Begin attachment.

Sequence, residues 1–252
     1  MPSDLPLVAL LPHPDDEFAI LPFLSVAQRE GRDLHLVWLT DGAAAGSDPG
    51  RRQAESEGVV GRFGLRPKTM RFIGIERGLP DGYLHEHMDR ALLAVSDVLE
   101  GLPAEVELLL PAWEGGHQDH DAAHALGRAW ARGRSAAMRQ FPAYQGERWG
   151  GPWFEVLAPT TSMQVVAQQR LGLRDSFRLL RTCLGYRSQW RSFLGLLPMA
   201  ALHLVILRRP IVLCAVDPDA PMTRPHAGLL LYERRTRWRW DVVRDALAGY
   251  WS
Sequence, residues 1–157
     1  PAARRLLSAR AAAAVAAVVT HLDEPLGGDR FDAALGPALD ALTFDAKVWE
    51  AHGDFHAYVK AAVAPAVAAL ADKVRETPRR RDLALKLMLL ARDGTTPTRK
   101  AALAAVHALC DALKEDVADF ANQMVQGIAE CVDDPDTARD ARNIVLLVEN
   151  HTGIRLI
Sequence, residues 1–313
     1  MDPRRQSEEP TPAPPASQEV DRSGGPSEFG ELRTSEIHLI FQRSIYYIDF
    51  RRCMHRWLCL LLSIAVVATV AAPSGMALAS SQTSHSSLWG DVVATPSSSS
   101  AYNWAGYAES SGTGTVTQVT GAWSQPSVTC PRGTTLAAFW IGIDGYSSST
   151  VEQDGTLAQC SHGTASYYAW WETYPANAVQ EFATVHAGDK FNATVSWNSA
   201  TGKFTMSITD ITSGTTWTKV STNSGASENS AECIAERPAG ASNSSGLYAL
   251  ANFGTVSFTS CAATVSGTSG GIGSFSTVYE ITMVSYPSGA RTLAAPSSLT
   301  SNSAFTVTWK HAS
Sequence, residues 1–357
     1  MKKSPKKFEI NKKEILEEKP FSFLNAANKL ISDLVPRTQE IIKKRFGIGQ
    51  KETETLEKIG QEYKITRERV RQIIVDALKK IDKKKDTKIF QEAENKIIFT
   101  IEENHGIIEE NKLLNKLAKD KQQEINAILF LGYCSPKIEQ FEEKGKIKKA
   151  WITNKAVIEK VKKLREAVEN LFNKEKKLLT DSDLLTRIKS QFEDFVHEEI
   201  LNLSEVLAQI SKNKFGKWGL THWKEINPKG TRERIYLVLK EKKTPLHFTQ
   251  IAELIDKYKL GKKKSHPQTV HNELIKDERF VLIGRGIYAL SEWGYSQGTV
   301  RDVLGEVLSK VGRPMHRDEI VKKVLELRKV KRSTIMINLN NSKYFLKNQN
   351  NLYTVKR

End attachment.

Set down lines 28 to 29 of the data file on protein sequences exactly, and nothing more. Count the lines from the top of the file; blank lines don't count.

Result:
   301  RDVLGEVLSK VGRPMHRDEI VKKVLELRKV KRSTIMINLN NSKYFLKNQN
   351  NLYTVKR